U.S. Energy Prices Are Breaking a Historic Pattern. The Results Could Be Severe.
The future of the U.S. energy market is unclear.
About the author: Ellen R. Wald, Ph.D. is president of Transversal Consulting and a nonresident senior fellow at the Atlantic Council. She is the author of Saudi, Inc.: The Arabian Kingdom’s Pursuit of Profit and Power.
As Europe struggles through an energy crisis, the United States could very well be on the precipice of our own. Prices are high–that is no secret. Production of oil is lower than it was before Covid, and there are concerns about a cold winter coming. And yet the situation may be worse than that. The U.S. may very well be facing a shocking dislocation of the energy economy.
Electricity prices in the U.S. follow a typical pattern. Prices increase in the summer and decline the following winter. According to data from the Bureau of Labor Statistics, over the last 20 years, prices in summer months (May-October) have averaged $0.007 per kilowatt-hour more in the summer than in the preceding winter months. Prices drop, on average, by $0.004 per KWH in the winter months (November-April) compared to the preceding summer months. Between 2001 and 2020, electricity prices only diverged from this pattern once, with a brief spike in the winter of 2006.
Now, we are seeing a completely new path for electricity pricing. In the winter of 2020-2021, the price of electricity actually rose $0.001 per KWH compared to the previous summer. More disturbing, though, the price is expected to continue to rise this winter as well. If it does, last winter will not be an aberration but a dislocation. The consequences would be significant for both energy and utility investing as well as for Americans who struggle to pay their electricity and heating bills this winter.
The causes for this change in electricity pricing are three-fold. First of all, for the last 15 years, the U.S. has increasingly relied on natural gas for power generation as it tries to cut greenhouse-gas emissions. Second, just a couple of years ago, U.S. domestic natural-gas production exceeded demand, and we are actually producing more marketed natural gas today than before Covid. Nevertheless, the rise in production has not kept up with the rise in demand. Finally, speculation and inflation must not be ignored for a jump of more than 100% in the price of natural gas in the U.S. since the start of this calendar year.
Between 2005 and 2020, the U.S. became significantly more dependent on natural gas for power generation. In 2005, the U.S. produced 782,829 gigawatt-hours of electricity from natural gas. By 2020, we produced 113% more electricity from natural gas, while power generation from coal fell by 1,302,087 GWh. During that period, the percentage of all U.S. electricity generated from coal dropped from 26% to 10%. Meanwhile, natural gas increased from 9% to 19%, all while total power generation grew by just under 3%. We may have preferred that greener energies took up the slack from coal, but it didn’t happen. Nuclear power and hydropower barely grew, and solar power and geothermal power are still negligible. Only wind power grew markedly, from just under 17,881 GWh to 341,416 GWh.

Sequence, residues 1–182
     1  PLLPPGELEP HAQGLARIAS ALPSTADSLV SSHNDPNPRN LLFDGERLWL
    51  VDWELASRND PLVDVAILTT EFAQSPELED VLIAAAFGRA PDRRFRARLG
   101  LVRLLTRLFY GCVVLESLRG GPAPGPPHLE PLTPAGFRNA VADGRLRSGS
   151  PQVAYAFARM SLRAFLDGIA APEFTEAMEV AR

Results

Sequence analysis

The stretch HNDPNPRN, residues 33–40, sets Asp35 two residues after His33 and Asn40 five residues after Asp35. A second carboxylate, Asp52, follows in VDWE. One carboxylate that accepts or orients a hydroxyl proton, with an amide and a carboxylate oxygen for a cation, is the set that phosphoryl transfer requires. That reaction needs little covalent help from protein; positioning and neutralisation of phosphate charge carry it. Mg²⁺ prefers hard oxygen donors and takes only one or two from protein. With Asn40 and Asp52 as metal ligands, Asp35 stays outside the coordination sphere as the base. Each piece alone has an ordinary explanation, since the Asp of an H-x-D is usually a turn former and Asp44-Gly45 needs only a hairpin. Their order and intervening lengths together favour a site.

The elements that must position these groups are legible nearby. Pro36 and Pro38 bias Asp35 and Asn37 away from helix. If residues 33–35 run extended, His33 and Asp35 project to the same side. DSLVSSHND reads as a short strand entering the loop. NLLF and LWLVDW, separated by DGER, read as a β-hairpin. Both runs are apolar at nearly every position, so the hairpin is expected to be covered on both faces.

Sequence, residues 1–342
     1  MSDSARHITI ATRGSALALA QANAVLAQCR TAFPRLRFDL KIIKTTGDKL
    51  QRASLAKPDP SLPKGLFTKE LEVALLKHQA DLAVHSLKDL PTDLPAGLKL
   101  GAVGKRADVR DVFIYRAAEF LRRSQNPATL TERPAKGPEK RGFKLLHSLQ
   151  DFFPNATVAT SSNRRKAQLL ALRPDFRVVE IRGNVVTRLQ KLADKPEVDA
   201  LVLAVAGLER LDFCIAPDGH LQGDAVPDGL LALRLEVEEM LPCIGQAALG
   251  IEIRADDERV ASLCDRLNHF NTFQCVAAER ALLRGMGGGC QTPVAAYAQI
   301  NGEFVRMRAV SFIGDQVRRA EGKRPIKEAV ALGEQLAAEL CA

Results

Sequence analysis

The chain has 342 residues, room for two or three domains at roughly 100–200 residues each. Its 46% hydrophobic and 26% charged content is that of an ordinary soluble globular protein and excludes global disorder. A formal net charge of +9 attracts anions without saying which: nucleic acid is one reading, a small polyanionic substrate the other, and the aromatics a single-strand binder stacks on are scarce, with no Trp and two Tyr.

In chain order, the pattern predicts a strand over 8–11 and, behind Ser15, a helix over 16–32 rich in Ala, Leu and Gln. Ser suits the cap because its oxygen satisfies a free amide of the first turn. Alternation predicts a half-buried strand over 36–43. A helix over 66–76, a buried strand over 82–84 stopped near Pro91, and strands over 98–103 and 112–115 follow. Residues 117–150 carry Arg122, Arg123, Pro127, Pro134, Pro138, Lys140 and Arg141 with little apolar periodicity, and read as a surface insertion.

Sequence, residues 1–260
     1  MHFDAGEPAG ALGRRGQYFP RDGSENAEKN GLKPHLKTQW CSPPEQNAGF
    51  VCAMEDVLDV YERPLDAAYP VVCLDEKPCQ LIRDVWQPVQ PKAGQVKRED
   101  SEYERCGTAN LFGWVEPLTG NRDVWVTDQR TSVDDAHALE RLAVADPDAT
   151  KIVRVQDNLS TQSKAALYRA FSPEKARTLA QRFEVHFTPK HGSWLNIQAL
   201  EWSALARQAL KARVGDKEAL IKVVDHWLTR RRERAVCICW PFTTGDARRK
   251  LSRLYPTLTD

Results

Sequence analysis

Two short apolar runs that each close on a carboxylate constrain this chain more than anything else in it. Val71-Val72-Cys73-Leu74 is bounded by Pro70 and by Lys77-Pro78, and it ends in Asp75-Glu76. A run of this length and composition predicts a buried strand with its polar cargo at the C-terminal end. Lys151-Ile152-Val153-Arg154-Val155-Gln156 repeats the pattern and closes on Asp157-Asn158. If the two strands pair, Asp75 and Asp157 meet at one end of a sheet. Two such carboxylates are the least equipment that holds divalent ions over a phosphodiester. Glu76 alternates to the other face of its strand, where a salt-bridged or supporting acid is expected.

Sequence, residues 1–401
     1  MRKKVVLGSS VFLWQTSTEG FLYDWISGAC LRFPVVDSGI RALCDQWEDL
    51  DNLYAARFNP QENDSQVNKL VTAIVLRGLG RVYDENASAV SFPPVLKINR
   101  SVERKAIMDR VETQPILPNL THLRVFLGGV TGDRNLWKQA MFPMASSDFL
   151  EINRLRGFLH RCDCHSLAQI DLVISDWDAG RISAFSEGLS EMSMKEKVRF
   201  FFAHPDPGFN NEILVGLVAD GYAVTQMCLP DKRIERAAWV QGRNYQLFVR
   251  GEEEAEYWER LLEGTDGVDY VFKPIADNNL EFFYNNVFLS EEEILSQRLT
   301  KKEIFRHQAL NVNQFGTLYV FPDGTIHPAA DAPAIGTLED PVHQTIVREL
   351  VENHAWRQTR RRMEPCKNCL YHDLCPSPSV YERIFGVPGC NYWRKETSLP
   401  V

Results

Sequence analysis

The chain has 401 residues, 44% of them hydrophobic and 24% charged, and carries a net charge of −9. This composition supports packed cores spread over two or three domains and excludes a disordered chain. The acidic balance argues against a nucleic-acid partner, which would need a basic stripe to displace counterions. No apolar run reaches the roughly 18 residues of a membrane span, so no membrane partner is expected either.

In other words, our environmentalist policies have made us more reliant on natural gas. On Oct. 29 of this year, natural gas accounted for 40% of the power generation in the New York region. Natural gas accounted for more than 60% in California and more than 70% in the New England region. Additionally, Americans use natural gas for heating, cooking, and as feedstock for petrochemical products. Natural-gas storage in the U.S. is now 10.2% less than at this time last year.
Natural gas has become the most important natural resource in the U.S., and there is currently no candidate to replace it. If this trend continues, millions of Americans will experience higher electricity and heating costs this winter, regardless of how cold it is.
This is not the first time America faced such a crisis. In 1902, Americans largely heated their homes and buildings with anthracite coal, which was mostly produced in Pennsylvania in mines owned by the railroads. In the spring of that year, miners went on strike and continued to strike all through the summer. As winter approached, President Theodore Roosevelt said, “A coal famine in the winter is an ugly thing and I fear we shall see terrible suffering and grave disaster.” To avert a heating crisis, he first threatened to nationalize the coal mines and then calmly formed a commission that brokered an agreement to end the strike in October. Americans did not freeze that winter.
This winter, we will probably have enough natural gas for heat and electricity, but will Americans be able to afford it?
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